The Hardest Prayer

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On May 7, 1915, some nine months after the start of World War I, a German U-boat torpedoed the passenger liner Lusitania as it sailed in neutral waters off the southern coast of Ireland.

The ship vanished in just 18 minutes.  Nearly 1,200 passengers died. 

A third of the victims were women and children, and 128 of those who were lost were Americans.  Since the United States wasn’t a combatant in the war – that wouldn’t happen for two more years – Americans were outraged. 

It didn’t help that Germany made the outrageous decision to declare a national holiday to celebrate the sinking of a passenger ship that couldn’t fight back. 

All of a sudden, as social historian Bill Bryson documents in his book One Summer, it was dangerous to be a German living in America.

A German man in St. Louis who was believed to have spoken against America was seized by a mob, tied up in an American flag, and hanged.  A jury later absolved the mob leaders by declaring their actions constituted a “patriotic murder.”

Bryson writes, “German businesses were boycotted or had bricks hurled through their windows.  Restaurants stopped serving German food, or gave it non-German names; sauerkraut famously became liberty cabbage.  Some communities made it illegal to play music by German composers [that meant farewell to Bach and Beethoven].  Iowa, to be on the safe side, outlawed conversations in any language other than English in schools, at church, or even over the telephone.”

German Lutherans and others protested that they would have to give up church services in their native languages.  That’s when Iowa Governor William L. Harding made one of the strangest statements of the 20th century:

“There is no use in anyone wasting his time praying in other languages than English.  God is listening only to the English tongue.”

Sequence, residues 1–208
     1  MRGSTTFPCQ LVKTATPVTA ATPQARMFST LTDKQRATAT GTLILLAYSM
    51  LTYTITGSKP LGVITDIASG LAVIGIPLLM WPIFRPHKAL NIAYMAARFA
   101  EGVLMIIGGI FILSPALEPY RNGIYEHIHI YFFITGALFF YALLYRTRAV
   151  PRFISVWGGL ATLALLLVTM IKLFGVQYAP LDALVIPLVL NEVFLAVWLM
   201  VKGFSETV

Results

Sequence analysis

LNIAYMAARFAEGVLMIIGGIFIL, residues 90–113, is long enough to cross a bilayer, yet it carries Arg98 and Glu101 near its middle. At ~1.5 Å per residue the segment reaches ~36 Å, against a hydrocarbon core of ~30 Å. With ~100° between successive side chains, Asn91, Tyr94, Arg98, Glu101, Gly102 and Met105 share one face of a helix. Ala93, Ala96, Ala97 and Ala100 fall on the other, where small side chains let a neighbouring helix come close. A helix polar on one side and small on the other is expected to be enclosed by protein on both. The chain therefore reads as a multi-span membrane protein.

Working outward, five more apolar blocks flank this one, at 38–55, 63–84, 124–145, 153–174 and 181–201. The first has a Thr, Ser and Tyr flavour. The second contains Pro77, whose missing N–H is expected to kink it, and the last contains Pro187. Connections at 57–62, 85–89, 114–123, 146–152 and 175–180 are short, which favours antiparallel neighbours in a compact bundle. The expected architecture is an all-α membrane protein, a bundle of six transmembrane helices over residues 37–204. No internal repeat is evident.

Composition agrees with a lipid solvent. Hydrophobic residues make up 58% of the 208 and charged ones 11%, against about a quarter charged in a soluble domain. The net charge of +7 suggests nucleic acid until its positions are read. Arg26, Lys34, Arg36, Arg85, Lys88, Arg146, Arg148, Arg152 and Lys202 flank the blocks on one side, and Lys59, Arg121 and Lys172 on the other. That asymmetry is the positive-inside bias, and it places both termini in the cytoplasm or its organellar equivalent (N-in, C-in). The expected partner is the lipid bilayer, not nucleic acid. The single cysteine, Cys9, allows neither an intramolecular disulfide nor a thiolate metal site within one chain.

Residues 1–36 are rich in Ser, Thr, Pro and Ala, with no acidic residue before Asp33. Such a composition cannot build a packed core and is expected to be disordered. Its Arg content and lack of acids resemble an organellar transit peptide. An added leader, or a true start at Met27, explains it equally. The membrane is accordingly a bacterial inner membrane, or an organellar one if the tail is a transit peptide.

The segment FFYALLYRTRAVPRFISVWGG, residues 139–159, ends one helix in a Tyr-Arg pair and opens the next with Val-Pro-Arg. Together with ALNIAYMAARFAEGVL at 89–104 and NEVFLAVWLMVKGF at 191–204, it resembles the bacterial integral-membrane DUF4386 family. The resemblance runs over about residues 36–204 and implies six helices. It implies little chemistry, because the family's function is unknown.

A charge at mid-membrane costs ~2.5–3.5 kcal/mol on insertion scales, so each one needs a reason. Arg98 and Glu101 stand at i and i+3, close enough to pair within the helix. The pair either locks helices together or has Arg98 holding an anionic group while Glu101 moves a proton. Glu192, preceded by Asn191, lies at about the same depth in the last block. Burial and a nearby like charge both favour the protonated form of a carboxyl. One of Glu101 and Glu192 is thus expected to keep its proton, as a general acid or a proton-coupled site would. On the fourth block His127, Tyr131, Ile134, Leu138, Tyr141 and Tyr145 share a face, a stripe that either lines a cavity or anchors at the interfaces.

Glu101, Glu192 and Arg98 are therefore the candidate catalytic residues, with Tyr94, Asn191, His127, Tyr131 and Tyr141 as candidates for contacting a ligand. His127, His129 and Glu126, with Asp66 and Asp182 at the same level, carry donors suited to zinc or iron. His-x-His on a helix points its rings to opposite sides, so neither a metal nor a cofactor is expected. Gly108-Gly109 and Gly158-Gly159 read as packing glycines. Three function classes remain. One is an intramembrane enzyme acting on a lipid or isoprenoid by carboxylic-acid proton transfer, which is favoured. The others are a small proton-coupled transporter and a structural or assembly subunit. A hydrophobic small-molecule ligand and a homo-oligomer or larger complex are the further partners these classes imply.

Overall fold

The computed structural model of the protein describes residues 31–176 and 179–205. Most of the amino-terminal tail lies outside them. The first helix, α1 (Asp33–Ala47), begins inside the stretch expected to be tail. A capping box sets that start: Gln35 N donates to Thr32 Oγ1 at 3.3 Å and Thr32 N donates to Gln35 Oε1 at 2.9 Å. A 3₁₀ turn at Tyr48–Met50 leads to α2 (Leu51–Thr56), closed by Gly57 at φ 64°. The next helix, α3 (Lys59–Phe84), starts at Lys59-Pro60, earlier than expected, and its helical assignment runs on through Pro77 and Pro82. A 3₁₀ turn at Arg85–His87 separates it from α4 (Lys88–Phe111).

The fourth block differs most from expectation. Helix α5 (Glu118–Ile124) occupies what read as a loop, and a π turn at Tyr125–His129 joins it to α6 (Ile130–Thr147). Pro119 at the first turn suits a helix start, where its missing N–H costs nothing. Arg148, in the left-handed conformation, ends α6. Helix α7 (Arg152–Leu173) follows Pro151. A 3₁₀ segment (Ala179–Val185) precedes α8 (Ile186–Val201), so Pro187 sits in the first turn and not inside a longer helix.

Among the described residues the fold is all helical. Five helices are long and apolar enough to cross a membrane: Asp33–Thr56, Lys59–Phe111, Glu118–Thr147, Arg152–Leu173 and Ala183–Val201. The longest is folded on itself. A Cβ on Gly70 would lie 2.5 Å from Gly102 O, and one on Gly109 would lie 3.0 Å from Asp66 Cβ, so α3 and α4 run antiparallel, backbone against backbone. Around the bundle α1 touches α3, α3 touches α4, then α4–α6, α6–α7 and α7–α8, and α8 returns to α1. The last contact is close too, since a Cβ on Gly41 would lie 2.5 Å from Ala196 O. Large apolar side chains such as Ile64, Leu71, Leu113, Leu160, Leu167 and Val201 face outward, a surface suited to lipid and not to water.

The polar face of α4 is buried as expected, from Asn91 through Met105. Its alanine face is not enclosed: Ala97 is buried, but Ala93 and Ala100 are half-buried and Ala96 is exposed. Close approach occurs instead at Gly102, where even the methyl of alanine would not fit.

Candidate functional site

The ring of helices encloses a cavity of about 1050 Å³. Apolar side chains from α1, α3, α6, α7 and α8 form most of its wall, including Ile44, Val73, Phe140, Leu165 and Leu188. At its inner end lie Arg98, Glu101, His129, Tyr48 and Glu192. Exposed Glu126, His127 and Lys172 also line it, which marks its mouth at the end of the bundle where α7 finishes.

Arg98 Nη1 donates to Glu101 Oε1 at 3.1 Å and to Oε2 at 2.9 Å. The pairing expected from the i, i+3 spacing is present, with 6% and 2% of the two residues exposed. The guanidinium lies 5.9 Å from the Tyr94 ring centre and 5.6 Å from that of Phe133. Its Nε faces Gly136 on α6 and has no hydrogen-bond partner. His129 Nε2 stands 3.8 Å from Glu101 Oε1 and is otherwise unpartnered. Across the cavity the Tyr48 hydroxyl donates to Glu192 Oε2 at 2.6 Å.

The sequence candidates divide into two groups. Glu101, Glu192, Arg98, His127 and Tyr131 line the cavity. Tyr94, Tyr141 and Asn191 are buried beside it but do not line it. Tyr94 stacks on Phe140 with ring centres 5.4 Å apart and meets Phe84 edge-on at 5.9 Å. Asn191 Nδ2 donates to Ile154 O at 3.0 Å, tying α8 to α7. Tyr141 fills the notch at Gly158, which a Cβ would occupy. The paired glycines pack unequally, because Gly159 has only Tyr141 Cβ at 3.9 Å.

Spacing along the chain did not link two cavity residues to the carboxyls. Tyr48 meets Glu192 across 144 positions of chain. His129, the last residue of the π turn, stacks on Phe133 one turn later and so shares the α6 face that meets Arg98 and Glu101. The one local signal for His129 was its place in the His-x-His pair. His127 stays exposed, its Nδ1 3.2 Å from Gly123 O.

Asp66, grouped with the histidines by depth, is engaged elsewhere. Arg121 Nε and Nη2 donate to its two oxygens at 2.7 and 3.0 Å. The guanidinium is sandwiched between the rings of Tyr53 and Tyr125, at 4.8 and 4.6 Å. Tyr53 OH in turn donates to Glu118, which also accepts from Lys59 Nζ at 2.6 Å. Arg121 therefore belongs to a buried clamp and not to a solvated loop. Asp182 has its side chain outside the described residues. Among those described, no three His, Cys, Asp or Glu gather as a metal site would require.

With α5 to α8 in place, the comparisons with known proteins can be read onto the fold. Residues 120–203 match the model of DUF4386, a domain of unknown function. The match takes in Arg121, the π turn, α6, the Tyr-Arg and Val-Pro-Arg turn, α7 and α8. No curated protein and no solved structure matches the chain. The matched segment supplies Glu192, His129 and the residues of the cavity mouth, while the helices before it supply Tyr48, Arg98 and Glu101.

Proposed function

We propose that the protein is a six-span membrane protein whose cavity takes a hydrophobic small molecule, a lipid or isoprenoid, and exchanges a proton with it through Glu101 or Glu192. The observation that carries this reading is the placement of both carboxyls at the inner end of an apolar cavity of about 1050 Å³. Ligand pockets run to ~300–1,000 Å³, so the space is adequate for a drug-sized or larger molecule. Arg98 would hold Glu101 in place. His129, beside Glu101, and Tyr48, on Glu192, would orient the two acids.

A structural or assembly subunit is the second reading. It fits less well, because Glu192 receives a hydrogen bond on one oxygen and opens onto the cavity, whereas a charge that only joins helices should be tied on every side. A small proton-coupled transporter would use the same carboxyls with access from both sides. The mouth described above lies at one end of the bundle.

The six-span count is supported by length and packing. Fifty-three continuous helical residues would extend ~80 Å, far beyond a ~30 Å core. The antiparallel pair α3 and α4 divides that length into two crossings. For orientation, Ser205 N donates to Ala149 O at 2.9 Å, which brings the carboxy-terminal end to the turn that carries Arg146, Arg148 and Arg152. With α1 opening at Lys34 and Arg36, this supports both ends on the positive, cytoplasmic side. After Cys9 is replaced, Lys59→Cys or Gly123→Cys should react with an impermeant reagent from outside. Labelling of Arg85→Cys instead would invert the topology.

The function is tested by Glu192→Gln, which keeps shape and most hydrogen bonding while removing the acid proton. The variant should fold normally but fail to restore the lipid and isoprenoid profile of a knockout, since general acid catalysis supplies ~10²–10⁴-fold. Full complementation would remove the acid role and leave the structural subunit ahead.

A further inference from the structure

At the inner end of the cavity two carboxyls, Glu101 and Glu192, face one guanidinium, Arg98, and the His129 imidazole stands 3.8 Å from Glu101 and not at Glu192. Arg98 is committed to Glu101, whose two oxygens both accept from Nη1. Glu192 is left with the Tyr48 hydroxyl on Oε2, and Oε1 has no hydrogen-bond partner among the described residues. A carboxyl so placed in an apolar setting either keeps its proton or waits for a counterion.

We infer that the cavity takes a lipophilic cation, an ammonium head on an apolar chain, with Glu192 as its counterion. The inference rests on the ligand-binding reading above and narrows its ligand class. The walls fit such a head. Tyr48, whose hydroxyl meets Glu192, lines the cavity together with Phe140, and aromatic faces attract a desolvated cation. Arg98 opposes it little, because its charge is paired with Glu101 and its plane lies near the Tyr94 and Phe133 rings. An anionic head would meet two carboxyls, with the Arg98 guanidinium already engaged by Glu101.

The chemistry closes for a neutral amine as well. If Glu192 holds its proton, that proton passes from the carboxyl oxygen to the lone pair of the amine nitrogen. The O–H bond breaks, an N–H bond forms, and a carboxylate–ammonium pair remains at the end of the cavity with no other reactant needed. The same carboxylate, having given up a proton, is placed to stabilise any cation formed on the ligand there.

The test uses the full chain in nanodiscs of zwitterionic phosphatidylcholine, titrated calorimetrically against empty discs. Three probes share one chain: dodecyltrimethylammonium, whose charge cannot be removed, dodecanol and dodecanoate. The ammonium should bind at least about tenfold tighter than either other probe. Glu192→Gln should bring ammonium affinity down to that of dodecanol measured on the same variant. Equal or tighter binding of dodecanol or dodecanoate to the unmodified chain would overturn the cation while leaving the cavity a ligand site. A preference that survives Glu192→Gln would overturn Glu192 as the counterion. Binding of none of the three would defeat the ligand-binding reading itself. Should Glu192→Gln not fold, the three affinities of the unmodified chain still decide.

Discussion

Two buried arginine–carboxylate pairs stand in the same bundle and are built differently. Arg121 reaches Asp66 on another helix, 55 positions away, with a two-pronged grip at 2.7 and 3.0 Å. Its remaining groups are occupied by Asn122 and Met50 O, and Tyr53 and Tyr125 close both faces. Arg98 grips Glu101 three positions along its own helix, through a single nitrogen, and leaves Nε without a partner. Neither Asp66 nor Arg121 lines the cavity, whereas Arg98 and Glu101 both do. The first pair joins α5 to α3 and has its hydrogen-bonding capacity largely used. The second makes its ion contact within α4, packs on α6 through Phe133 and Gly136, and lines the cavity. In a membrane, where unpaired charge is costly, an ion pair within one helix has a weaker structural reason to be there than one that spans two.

This would come as news to St. Augustine, who prayed in Latin; to Watchman Nee, whose devotions were in Chinese; to Pope Francis, who regularly prays in his native Spanish; and to Jesus of Nazareth, whom we presume talked to his Father in heaven on a daily basis in Hebrew and Aramaic.

Aside from the important lesson of not looking to elected officials for theological pointers, this impassioned chapter in American history reminds us of something profound:  Jesus calls us not to blast our enemies, but to love them.

Praying for those who misunderstand and misrepresent us, who hurt us and hate us, is at the core of Jesus’ Sermon on the Mount (see Matthew 5:43-48).

This is one of the most counterintuitive choices for human beings of every generation.  Just ask anyone who has ever tried it.   

Where do we even start?

If you’re hoping to make a New Year’s resolution that will fundamentally change your life, ask God for the grace to pray, at least once a day in 2022, the hardest prayer.  

Pray that the family member who snubbed you at Christmas will be blessed with God’s presence.  Pray that the military leaders, presidents, and common soldiers who are glaring at each other across the boundary of Russia and Ukraine will stand down and stand strong in God’s peace.  Pray that our country’s politicians and pundits will look for ways to find common ground next year, instead of continuing to stoke the fires of distrust and incivility.  Pray that your heart can warm toward the boss who fired you, the neighbor who gossiped about you, and the lover who rejected you. 

You cannot possibly do these things in your own strength.  But if you ask him, God will put his own love into your heart. 

You can be sure that he’ll be listening to all such requests. 

In every language.